Game on!

Saturday, December 5, 2015


I just finished reading an excellent article. It's about empathy: what it is, why it's important, how we came to have it, why it's declining in modern culture, how to cultivate it, and how it will improve your life.

It's kind of long, but I think it's well worth the read. The highlights:

  • Humans are empathic creatures. We evolved in a social environment, and we need that social interaction to feel happy and complete.
  • Empathy is declining. With the rise of technology, we are getting our social interaction more through our phones and computers than face-to-face, and this is reducing our ability to be empathic.
  • Empathy is important. The article suggests some ideas on how to improve your sense of empathy.

I won't rehash the whole article. You really should go read it. It has some videos embedded in it. They're good videos. Watch them too.

You may be wondering why I'm talking about social issues in a blog about games. There are two reasons:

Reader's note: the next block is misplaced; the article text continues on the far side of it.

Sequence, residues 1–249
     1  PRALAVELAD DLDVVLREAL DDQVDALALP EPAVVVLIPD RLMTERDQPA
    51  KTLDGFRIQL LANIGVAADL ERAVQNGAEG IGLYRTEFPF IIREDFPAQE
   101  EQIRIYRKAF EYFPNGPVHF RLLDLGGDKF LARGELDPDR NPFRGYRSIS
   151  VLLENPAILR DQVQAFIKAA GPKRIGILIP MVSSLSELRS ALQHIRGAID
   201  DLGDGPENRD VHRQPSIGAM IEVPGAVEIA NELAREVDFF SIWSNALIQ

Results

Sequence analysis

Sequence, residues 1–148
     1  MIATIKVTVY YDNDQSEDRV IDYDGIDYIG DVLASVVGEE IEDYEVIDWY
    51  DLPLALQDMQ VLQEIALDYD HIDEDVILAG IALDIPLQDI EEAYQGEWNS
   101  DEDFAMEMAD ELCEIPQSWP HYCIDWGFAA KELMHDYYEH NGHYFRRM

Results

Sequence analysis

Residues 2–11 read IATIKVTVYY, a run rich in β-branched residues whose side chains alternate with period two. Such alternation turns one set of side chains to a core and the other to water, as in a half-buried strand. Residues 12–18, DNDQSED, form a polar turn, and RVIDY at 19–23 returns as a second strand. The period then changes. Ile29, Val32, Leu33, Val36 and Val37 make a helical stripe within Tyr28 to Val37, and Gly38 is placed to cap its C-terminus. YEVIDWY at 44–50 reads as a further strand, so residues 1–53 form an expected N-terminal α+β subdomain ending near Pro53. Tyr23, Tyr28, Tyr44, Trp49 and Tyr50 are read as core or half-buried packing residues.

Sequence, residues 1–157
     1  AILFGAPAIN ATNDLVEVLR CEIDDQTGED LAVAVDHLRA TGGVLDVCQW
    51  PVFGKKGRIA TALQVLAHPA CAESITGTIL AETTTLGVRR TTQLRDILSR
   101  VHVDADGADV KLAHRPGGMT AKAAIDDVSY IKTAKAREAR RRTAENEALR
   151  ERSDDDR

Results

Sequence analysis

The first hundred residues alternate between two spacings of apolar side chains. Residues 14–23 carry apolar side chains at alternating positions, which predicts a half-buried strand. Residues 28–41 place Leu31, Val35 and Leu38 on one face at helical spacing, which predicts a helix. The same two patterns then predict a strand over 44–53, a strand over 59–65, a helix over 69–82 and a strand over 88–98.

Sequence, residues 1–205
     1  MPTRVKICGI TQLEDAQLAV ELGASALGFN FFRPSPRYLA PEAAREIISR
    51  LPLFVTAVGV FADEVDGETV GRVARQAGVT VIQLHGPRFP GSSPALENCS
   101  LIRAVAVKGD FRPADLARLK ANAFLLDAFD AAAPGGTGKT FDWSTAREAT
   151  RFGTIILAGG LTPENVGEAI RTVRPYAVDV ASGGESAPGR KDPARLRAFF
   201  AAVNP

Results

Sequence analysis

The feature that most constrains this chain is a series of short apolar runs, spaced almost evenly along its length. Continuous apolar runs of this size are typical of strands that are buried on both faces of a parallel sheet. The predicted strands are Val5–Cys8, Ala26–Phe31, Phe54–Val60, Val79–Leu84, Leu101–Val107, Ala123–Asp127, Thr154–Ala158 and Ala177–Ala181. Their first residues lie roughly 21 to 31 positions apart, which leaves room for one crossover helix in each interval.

1. I believe strongly in the importance of equality for all people. I've been on the short end of the social power stick before, and I know how much it sucks to feel like that; to feel like you're not wanted, you're not accepted, you have no worth and no value, and the world would not care at all if you just didn't exist. I am aware that I had it so much better than many other people; I was not a minority (ethnically, gender-wise, religiously, etc). If I felt that badly being excluded, how must others feel in worse settings? So I feel it is important to work to end bigotry, discrimination, and exclusion.
  2. Games can help in improving empathy.